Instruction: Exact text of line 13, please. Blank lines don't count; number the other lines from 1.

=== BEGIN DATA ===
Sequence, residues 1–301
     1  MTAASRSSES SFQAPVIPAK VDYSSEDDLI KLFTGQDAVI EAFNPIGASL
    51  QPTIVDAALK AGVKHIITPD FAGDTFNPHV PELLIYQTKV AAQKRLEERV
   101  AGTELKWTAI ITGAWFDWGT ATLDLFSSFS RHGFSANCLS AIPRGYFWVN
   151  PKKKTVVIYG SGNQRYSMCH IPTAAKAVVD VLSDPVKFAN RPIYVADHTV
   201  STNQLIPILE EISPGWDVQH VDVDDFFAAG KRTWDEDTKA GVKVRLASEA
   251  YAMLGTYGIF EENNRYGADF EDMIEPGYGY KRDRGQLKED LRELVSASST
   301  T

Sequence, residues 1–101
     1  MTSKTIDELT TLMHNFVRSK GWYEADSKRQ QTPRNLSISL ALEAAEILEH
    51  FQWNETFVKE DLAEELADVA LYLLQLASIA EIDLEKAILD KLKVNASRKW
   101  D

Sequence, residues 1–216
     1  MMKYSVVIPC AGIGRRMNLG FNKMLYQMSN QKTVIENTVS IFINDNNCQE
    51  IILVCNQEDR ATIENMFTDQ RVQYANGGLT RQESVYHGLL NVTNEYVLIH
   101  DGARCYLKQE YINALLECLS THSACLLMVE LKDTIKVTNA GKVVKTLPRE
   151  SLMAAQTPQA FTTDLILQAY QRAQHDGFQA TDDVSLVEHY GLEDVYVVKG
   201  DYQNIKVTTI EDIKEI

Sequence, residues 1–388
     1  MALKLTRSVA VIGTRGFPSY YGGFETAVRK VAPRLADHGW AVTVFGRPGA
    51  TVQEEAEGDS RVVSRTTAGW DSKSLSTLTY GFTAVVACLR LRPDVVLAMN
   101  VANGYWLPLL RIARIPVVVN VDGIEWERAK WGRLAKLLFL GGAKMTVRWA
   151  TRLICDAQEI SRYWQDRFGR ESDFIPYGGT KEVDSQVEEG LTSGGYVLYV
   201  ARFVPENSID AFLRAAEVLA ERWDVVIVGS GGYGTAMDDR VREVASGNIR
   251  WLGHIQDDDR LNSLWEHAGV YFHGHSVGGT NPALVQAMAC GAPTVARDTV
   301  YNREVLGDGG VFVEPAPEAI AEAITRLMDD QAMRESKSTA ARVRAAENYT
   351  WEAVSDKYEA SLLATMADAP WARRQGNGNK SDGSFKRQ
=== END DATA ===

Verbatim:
Sequence, residues 1–216